Frank E. Washburn Freund. "An Unknown Self-portrait by Rubens." Art in America 16 (December 1927), p. 3, fig. 4.

    Édouard Brandus. "La collection des tableaux anciens de M. Jules S. Bache, à New-York." La Renaissance 11 (May 1928), p. 194, ill. p. 187, as Van Dyck at the age of twenty-five.

    A Catalogue of Paintings in the Collection of Jules S. Bache. New York, 1929, unpaginated, ill.

    Walter Heil. "The Jules Bache Collection." Art News 27 (April 27, 1929), p. 4, ill. p. 15.

    Walter Heil. "Die Van Dyck-Ausstellung in Detroit." Pantheon 4 (July–December 1929), p. 302.

    Wilhelm R. Valentiner. A Loan Exhibition of Fifty Paintings by Van Dyck. Exh. cat., Detroit Institute of Arts. Detroit, 1929, unpaginated, no. 12, ill.

    Royal Cortissoz. "The Jules S. Bache Collection." American Magazine of Art 21 (May 1930), p. 258, ill. p. 253.

    Gustav Glück. Van Dyck, des Meisters Gemälde. 2nd ed. [1st ed. 1909]. Stuttgart, 1931, p. 532, ill. p. 122 [1st ed. by Emil Schaeffer, 1909, p. 502, ill. p. 171], states that it was engraved by Pontius and that it is earlier than the self-portraits in St. Petersburg and Munich; suggests that a single sketch served for the three pictures.

    Gustav Glück. Rubens, Van Dyck und ihr Kreis. Vienna, 1933, p. 412.

    Gustav Glück. "Self-portraits by Van Dyck and Jordaens." Burlington Magazine 65 (November 1934), pp. 195–96, claims that it "may on stylistic grounds be dated with certainty 1621".

    A Catalogue of Paintings in the Bache Collection. under revision. New York, 1937, unpaginated, no. 26, ill.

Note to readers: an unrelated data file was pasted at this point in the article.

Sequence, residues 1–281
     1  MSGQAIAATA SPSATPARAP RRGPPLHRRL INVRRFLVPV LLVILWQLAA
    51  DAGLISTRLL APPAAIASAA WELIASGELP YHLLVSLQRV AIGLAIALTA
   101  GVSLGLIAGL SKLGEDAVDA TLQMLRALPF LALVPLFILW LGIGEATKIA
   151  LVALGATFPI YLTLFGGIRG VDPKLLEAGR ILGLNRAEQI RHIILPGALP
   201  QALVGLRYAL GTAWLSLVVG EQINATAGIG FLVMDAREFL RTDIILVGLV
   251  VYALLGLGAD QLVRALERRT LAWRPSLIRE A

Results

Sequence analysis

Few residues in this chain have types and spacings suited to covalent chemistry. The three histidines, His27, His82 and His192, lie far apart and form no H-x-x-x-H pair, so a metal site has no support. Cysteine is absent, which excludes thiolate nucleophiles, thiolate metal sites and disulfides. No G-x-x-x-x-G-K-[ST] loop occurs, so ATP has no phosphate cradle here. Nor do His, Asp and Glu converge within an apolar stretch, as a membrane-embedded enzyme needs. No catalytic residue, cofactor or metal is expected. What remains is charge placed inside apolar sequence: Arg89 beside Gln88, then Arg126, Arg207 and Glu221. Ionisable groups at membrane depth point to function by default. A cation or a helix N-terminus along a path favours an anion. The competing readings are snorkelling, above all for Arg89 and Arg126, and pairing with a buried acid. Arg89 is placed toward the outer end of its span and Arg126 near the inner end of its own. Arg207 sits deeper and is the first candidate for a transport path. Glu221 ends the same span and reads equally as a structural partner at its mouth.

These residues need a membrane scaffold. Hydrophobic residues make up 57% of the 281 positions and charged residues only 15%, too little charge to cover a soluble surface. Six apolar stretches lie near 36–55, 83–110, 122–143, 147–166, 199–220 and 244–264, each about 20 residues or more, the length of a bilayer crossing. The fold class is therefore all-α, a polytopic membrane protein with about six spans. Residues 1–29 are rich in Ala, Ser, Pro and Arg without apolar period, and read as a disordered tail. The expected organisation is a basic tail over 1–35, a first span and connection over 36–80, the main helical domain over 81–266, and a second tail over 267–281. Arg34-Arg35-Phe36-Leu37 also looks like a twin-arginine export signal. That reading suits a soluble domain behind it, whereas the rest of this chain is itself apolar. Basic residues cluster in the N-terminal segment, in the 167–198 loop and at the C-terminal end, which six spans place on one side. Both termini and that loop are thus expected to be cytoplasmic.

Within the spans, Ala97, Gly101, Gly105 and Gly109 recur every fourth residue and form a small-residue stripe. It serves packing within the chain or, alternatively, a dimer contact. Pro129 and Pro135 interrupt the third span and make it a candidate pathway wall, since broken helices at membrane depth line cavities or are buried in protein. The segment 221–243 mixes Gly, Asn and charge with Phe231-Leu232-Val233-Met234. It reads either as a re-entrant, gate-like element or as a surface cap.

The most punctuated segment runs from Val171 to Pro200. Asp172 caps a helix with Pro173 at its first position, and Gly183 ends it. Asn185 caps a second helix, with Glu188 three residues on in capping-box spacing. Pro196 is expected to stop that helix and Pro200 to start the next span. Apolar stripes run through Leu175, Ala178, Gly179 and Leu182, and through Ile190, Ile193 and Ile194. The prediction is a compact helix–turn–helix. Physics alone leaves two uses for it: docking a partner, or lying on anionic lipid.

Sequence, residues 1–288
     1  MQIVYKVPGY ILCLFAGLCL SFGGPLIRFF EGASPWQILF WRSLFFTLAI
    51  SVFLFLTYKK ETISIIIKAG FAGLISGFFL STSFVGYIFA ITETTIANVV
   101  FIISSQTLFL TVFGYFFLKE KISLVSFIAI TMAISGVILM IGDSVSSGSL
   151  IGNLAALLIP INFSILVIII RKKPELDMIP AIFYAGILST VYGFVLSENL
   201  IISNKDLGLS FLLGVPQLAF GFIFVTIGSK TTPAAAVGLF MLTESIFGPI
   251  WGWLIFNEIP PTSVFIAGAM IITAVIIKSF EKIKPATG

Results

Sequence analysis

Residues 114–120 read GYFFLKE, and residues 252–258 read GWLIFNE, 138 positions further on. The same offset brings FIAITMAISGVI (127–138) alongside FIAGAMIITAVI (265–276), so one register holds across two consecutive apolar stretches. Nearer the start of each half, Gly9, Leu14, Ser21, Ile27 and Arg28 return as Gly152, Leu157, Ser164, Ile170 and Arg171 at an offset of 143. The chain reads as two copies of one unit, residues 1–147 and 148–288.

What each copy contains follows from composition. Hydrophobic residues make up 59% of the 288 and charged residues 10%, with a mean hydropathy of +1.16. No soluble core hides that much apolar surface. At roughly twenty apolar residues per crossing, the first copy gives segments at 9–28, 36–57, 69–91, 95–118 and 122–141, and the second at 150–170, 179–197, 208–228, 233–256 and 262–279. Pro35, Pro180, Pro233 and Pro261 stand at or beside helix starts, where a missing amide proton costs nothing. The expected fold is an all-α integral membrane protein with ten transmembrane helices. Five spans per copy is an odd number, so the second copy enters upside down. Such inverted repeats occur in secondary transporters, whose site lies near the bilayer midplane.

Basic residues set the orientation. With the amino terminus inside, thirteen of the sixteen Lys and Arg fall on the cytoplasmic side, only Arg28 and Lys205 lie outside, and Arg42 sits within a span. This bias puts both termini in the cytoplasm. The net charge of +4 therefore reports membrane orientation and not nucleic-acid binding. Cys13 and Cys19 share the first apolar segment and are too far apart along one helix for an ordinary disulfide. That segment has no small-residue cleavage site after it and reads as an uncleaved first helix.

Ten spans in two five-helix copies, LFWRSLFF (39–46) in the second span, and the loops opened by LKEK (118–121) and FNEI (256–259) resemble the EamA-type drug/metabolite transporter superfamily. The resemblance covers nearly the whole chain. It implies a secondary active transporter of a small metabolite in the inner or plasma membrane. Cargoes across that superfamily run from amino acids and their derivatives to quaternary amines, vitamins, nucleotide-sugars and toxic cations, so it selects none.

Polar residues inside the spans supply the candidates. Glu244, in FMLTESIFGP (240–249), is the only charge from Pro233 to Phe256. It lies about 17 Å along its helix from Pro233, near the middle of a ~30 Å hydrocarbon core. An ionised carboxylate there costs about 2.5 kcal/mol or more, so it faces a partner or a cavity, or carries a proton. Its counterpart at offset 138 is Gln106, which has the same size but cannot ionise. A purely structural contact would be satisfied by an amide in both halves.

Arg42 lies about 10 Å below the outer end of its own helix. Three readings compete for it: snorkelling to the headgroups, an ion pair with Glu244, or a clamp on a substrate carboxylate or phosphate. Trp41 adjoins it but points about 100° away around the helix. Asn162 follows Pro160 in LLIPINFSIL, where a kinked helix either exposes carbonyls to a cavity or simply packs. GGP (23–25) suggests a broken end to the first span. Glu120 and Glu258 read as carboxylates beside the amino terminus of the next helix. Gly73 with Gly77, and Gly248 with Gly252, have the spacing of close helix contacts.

Duveen Pictures in Public Collections of America. New York, 1941, unpaginated, no. 183, ill., proposes that it was painted about 1620 in Antwerp.

    A Catalogue of Paintings in the Bache Collection. rev. ed. New York, 1943, unpaginated, no. 25, ill.

    Walter Heil. "The Bache Paintings at the Metropolitan." Art News 42 (June–July 1943), pp. 21, 23–24, ill., dates it about 1620.

    Harry B. Wehle. "The Bache Collection on Loan." Metropolitan Museum of Art Bulletin 1 (June 1943), p. 288.

    Leo van Puyvelde. "Van Dyck's Style during his English Period (II)." Phoebus 1, nos. 3/4 (1946), p. 150.

    Leo van Puyvelde. Van Dyck. Brussels, 1950, pp. 96, 125, 130, 172, dates it about 1620.

    Lillian Ross. "Profiles: How do you like it now, gentlemen?" New Yorker (May 13, 1950), p. 58 [reprinted as "Portrait of Hemingway," New York, 1961, p. 57].

    W. R. Valentiner. "Van Dyck's Character." Art Quarterly 13 (Spring 1950), pp. 87–88, fig. 1, as earlier than the Munich self-portrait and broader in execution.

    Herbert Gerhold. "A Self-portrait by Van Dyck." Country Life 112 (November 28, 1952), p. 1744.

    100 Opere di Van Dyck. Exh. cat., Palazzo dell'Accademia. Genoa, 1955, p. 17, under no. 1, as a "modified replica" of the self-portrait in Munich.

    H[orst]. Gerson and E. H. ter Kuile. Art and Architecture in Belgium 1600 to 1800. Baltimore, [1960], p. 121.

    Michael Jaffé in Encyclopedia of World Art. 4, New York, 1961, col. 534, dates it about 1621.

    David Piper. Catalogue of Seventeenth-Century Portraits in the National Portrait Gallery, 1625–1714. Cambridge, 1963, pp. 358–59, as "now in the Bache collection".

    Alain Roy in Le Siècle de Rubens dans les collections publiques françaises. Exh. cat., Galeries Nationales du Grand Palais. Paris, 1977, p. 84, under no. 45.

    Erik Larsen. L'opera completa di Van Dyck. Milan, 1980, vol. 1, pp. 84, 103, no. 254, ill. (overall and detail).

    Alan McNairn. The Young Van Dyck. Exh. cat., National Gallery of Canada. Ottawa, 1980, pp. 8, 26, 165–67, no. 76 and under no. 77, ill. p. 259 and cover (color detail).

    J. Douglas Stewart. "Ottawa: The Young Van Dyck at the National Gallery of Canada." Burlington Magazine 123 (February 1981), p. 123.

    Christopher Brown. Van Dyck. Ithaca, N.Y., 1982, pp. 52–53, pl. 43.

    Walter A. Liedtke. "Flemish Paintings in the Metropolitan Museum—II: Van Dyck, Jordaens, Brouwer, and Others." Tableau 6 (February 15, 1984), pp. 29–31, fig. 2 (color).